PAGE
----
I remember Piper's first word at about 7 months, she said "Dada" we were so excited. She even started copying a bit and we have various video's before her 1st birthday where we'd capture these moments on video. These few words would soon disappear as we watched our child become lost in a world all her own. She started to ignore us and wouldn't move or acknowledge we were there. (I even got her hearing tested again) Piper tip toe walked, but we heard that was normal in children her age, however, when I would see other children her age I quickly noticed that my special little girl may be more special than we anticipated. I approached my GP (General Practitioner) with my concerns and he said "All children develop at different speeds. Don't worry, she was premature so she will naturally be behind. She's fine" I told him that she used to talk and now she can't or doesn't seem to want to and normal physical activities that other children are doing her age she seems very far behind. Again, the same story. I think as a mother we have this instinct and it doesn't let up, I knew that something wasn't textbook "normal" about my child. My husband thought the same thing as the doctor, I was over reacting all children are different.
The assumption of ASD came after Piper's Second birthday. We had other children here and I noticed a lot about Piper and how she was always wanting to be by herself, how when a baby came to the party she didn't even acknowledge it or notice it was there, she was in her own little world. In addition to that she would seek out activities that would excite her senses. (ie: smashing her face in to a pillow really fast over and over again) And she was constantly moving and hyperactive. We went to a park with a photographer for her 2 year old photos. Given the choice from the photographer of park or sand, I quickly stated that for some reason Piper doesn't like the sand anymore but she loves the outdoors so the park settings would be perfect!! We arrived at the photo location it was a gorgeous park with beautiful creeks, trees, flowers, and walkways. I couldn't wait to get Piper out of the car. As soon as I put her on the ground in this new park, she froze. Started throwing a tantrum and freaking out. Worried I swooped her up to comfort her. "Whats wrong?" If she could communicate I'm sure many things would have come out, however, we were left with this scared and fearful little girl. My husband has always been good with Piper and finding ways to calm her when these tantrums would start. We chalk it up to the terrible two's thinking WOW - right on schedule. Its like she knew that 2 meant tantrum time. Dan immediately takes her over to a creek because she loves water, hoping that may calm her down. We get bubbles out, trying any and everything for these 2 year old photos to work. We just couldn't understand why she was so upset, I mean we timed it perfectly. These pictures were right after her nap, she was fed, loves being outside, so what could the problem possibly be? That night when we got home it hurt my stomach to have the words come out of my mouth as I said to Dan that night "I think Piper may be Autistic" he seemed a bit shocked at that statement. He looked at me with endearment and said "She's perfect, she's not" I said I know she's perfect, but that doesn't mean she isn't. She had totally regressed and from the age of 1 until 2 she hadn't had 1 new milestone. No words, no new things, nothing. It was as if she was a 12 month old little girl trapped in a body of a 24 month old. She was having frequent tantrums but hers seemed to be triggered by noises, I couldn't go anywhere with her in public. It seemed like out of the blue she would go in to this horrible screaming tantrum hitting me in the face as I tried to pick her up off the floor before she tried to smash her head in to concrete. When it became apparent that I would no longer listen to others about my assumption it came to me on Valentines Day 2013 (Our Wedding Anniversary). Piper had been great for weeks no bad tantrums so I thought, how nice would it be to have a "mother daughter lunch" together. I felt bad because it was as if we had become prisoners of our own home scared to go anywhere with her alone because the tantrums were uncontrollable. I thought I'd give it one more try. We sat down for lunch and everything was going great, I even took photos sending it to Dan while he was out at sea for work. "Mother Daughter Date. YAY" I texted along with the photo. I came prepared too. I had a bag of her favorite foods, objects, and everything she loved. We ordered lunch and I was beaming from ear to ear finally being somewhere with my little girl. All the sudden, for no reason apparent to me... Piper loses it. I can't control her (she's SO strong for a 2 year old) She tries to start smashing her head and I grab her and pick her up and she immediately starts punching and smacking me in the face while screaming this "I'm Hurt" scream. I quickly try grabbing our items as everyone in the place is staring at me and whispering what a horrible mother I am and I should be discipling her. (For those that don't know: Its hard to discipline your child when it seems like they are in excruciating pain but you have no understanding why. Not only that, even if I were to say anything to her - she couldn't even comprehend it.) I rush Piper outside telling the clerk I'd be right back to pay and as soon as I got her in the car. We step outside and immediately Piper stops. I'm thinking to myself, what in the world? Did you just want fresh air? I turn back to the restaurant which is all glass windows and all these faces peering from inside just staring at us. I walk back in thinking its a "Terrible Two's Tantrum" and because we still had our food being made I ask the waitress to have it To Go instead. About 4 minutes and it happens again. This time, I pack up everything place Piper in her carseat and we leave. (I leave in tears - because I just wanted to spend a special day with my daughter and I feel like I'm the only mother in the world, at that time, that can't enjoy sharing fun dates with her little girl) It was after this trip, I knew my gut feeling was right. Something about Piper was different and from what I understood from reading - Autism seemed a lot closer to home than anyone else wanted to believe, even if she was "too young to tell". This is where our journey begins.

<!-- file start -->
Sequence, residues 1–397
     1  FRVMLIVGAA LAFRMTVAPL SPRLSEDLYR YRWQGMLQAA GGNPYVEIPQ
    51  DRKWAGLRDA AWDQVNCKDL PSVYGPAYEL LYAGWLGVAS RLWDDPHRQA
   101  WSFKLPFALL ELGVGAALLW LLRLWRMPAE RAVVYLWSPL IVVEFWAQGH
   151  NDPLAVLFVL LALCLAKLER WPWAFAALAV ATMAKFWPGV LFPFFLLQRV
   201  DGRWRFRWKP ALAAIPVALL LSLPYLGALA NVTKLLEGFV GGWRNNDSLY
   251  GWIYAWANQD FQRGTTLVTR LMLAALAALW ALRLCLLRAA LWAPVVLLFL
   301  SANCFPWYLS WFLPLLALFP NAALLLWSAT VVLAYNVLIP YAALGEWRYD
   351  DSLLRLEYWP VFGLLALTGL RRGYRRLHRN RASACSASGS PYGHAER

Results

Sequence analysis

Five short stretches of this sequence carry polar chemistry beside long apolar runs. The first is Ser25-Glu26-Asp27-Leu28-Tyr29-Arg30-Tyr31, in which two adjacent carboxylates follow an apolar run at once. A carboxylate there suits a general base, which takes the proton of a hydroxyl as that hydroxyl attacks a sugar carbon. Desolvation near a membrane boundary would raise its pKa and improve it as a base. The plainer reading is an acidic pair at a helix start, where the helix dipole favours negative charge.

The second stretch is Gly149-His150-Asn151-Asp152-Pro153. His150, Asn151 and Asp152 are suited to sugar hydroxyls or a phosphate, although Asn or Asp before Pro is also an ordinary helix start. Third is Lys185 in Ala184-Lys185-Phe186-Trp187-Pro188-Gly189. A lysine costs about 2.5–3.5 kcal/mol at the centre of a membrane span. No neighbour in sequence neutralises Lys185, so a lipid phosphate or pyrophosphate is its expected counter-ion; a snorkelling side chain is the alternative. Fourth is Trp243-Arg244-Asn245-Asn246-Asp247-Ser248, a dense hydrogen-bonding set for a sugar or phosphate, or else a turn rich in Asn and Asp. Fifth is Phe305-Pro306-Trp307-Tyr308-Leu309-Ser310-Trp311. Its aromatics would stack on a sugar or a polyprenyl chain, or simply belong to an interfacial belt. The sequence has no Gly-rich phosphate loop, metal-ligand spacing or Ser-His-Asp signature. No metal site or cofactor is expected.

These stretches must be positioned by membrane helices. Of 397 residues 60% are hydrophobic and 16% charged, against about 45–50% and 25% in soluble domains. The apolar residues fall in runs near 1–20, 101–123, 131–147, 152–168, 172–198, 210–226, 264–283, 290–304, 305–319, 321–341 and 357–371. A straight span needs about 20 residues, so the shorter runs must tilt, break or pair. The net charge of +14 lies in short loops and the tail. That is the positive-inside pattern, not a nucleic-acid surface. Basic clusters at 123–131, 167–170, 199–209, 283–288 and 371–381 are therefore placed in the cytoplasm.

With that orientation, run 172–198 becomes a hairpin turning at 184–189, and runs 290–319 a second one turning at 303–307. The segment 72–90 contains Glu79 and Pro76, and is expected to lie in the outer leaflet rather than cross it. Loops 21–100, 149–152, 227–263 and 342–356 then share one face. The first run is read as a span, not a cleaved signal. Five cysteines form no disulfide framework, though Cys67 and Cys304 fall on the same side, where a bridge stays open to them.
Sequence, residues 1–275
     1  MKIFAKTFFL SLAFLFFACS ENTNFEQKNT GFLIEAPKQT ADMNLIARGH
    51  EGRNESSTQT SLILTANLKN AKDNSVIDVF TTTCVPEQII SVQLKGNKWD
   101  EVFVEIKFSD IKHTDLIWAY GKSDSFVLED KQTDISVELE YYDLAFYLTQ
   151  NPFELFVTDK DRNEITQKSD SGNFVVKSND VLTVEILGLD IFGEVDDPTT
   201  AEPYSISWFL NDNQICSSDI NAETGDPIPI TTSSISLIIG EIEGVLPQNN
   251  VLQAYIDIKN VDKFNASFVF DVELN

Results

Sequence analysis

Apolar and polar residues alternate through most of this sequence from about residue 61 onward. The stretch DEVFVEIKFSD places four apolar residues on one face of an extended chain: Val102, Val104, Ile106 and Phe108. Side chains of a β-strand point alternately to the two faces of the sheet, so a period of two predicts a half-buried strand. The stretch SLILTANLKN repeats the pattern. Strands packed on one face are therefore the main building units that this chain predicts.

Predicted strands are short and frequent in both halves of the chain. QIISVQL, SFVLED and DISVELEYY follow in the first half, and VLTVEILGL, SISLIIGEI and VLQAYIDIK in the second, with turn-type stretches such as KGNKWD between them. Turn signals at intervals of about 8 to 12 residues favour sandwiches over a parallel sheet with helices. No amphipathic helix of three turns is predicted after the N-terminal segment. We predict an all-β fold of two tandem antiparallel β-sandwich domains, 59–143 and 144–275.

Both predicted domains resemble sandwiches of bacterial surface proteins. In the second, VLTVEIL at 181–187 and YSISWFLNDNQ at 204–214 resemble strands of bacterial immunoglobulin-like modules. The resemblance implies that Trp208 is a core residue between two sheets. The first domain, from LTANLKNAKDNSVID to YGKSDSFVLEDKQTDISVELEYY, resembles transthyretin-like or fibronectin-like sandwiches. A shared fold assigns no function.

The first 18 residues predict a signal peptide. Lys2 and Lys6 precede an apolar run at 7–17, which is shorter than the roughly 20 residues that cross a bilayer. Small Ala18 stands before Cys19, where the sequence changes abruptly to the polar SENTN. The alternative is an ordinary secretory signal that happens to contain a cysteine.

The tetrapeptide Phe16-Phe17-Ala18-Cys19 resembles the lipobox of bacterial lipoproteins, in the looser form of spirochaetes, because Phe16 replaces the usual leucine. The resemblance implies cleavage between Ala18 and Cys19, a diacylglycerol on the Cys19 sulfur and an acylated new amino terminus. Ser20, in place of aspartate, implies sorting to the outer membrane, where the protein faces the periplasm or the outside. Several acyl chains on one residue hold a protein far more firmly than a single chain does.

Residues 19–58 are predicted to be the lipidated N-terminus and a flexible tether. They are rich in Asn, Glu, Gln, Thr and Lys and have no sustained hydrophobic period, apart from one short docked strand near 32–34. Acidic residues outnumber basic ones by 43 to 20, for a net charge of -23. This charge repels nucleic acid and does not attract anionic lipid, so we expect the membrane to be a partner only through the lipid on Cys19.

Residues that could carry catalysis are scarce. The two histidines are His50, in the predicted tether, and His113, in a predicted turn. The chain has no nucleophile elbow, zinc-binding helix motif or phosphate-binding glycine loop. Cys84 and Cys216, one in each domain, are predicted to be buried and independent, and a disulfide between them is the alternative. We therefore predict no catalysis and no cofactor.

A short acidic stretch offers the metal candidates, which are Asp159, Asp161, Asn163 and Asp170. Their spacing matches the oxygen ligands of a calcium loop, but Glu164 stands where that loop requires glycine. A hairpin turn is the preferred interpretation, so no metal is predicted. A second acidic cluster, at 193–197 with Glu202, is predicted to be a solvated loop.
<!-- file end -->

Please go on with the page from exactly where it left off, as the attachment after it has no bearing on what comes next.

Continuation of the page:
Erika & Dan Harvey
A blog about our journey through the spectrum with our daughter Piper. Enjoy and feel free to share with others.